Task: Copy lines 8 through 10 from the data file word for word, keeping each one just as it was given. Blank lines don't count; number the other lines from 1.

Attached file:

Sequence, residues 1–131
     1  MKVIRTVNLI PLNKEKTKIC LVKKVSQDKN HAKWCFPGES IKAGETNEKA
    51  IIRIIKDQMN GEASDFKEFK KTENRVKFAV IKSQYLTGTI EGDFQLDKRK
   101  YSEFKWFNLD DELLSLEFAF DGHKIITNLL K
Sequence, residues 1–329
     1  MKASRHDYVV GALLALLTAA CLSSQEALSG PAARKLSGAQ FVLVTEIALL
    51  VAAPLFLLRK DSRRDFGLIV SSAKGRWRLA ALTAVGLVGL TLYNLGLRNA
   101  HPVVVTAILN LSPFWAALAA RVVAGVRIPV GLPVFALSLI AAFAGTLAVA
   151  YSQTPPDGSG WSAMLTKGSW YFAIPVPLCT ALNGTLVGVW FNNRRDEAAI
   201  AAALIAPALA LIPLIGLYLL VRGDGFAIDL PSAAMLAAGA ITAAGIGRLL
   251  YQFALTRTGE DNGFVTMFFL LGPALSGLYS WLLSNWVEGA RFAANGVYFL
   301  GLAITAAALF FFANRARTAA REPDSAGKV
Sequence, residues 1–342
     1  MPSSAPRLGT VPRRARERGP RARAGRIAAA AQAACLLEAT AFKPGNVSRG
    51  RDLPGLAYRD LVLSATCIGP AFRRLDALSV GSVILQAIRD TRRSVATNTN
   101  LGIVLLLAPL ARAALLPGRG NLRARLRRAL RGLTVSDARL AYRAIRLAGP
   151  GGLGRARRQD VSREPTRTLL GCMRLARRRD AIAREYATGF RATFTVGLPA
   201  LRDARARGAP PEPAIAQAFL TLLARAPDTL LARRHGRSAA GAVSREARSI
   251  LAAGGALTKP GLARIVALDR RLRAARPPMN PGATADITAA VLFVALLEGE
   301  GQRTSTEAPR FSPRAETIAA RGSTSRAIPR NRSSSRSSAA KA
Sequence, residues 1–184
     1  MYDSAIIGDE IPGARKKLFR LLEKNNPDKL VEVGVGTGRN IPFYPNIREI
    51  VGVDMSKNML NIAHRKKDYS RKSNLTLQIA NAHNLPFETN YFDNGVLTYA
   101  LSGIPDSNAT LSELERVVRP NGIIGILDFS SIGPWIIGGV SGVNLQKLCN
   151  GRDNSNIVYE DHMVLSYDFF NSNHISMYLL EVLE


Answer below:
   101  HPVVVTAILN LSPFWAALAA RVVAGVRIPV GLPVFALSLI AAFAGTLAVA
   151  YSQTPPDGSG WSAMLTKGSW YFAIPVPLCT ALNGTLVGVW FNNRRDEAAI
   201  AAALIAPALA LIPLIGLYLL VRGDGFAIDL PSAAMLAAGA ITAAGIGRLL